Discovering South – Kanyakumari & Madurai

Oh jingle bells jingle bells, jingle all the way! – Christmas Carols, Jingle Bells

It happened that I spent Christmas in Kanyakumari and Madurai, two cities in the Indian state of Tami Nadu, that honestly were not the very best choice to spend a nice Christmas eve, but as anyways I was travelling alone with most of my beloved ones far away in Germany, Christmas didn’t seem such a big deal to me this year. I was hoping to spend Christmas Eve with some other travelers, but soon figured out that Kanyakumari was not a big tourist destination for foreigners, so the disappointment about the fact that my so-called hostel “upgraded” me into a single room was not too big. However, a feeling of joy came over me every time I found a church, a Christmas tree, nativity scenes or any kind of decoration that reminded me of Christmas, despite the 35°C outside and the missing infinite loop of typical German Christmas songs. Continue reading

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Exploring South II – Kochi & Varkala

I want to be like water. I want to slip through fingers, but hold up a ship. – Michelle Williams

My next two destinations – Kochi (Cochin) and Varkala provided me in many ways a short escape from the sometimes challenging travel conditions in India, as both places are crowded with tourists, which gives them in many ways a more Western touch. I found myself staring at people in bikinis and shorts, as well as couples showing affection, as if I would have never seem something like this before. Apparently I dived so deep into the Indian culture, that it felt somehow wrong and not appropriate to me, so in the end I stuck to my long trousers and suffered in the heat, although this would not have been necessary at all, but well… 😀 Continue reading

Discovering South I – Bangalore & Munnar

You will never be completely at home again, because part of your heart will always be elsewhere. That is the price you pay for the richness of loving and knowing people in more than one place. – Miriam Adeney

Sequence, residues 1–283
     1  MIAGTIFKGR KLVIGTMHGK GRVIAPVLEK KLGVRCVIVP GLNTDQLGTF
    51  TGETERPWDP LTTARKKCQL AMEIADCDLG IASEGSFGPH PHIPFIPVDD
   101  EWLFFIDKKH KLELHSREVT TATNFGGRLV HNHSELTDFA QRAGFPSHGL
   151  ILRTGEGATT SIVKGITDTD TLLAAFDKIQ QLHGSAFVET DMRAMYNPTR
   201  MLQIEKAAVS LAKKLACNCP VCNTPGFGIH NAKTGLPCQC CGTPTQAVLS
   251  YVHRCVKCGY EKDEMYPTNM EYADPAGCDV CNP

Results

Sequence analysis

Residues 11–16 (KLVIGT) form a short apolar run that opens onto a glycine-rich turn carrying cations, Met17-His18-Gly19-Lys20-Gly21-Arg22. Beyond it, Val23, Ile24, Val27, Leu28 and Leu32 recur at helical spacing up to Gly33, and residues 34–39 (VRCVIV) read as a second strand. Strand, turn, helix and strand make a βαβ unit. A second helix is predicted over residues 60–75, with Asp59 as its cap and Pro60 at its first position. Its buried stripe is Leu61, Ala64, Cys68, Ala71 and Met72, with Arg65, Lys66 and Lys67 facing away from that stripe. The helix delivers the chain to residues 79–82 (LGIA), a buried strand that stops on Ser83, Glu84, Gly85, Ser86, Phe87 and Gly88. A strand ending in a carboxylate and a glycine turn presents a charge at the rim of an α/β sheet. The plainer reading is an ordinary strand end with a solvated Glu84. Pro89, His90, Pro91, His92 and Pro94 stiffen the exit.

I felt quite awkward when I entered the bus that should finally take me away from my second home Pune and bring me all the way to Bangalore instead (14h bus drive). It left a strange feeling when I said goodbye to my new friends after my last day in office, and I was glad that I didn’t have to wait for the bus alone. Honestly I felt kind of paralysed once I was sitting in the bus, trying to realise what just happened. Those six full months did pass by just like that, way too fast as that I could understand how it happened. How this fabulous time I had in Pune could be over so quickly. Continue reading

Gujarat – Rann of Kutch

Wherever you go becomes a part of you somehow. – Anita Desai

The last trip during my internship was something Dustin and me were looking forward to since quite a while. However, it was only the fact that I got my two unpaid leave days permitted that in the end forced us to go – after another busy week in office, spending endless times in sleeper trains and busses made us doubt about our mission. After all, the five days travel was leading towards only one goal: a couple of hours in the salt desert in the Great Rann of Kutch. Continue reading

Exploring North East III – Khajuraho

Take your pleasure seriously. – Charles Eames

Our last stop was Khajuraho, where we arrived early morning by train and booked a cab for the day to drive us around and bring us to the railway station in the evening, as the one where we could take a train to Mumbai from was 120km away. Initially I found out about this place because a friend in France told me about it, and there are various reasons why the temples located there are worth a visit. Not only is the whole complex beautiful to look at, also the scenes depicted in the engraving are quite special. It is needless to explain more once you saw the pictures… Last hint: The temples are colloquially called “Kamasutra Tempels”… 😉 Continue reading

Exploring North East II – Varanasi & Sarnath

The two most important days of your life are the day you were born and the day you find out why. – Mark Twain.

Varanasi certainly is a city that cannot be described in words, but that has to be experienced. The atmosphere in the probably most important city inthe Hindu religion is overwhelming, and I can honestly say that I didn’t find anything comparable during my past six months in India. The city’s popularity originates from its location directly next to the holy Ganges river, which is said to wash people’s sins away and to enable a breakout from the continuing cycle of rebirth if the ashes of a deceased person are strewed in the river. Continue reading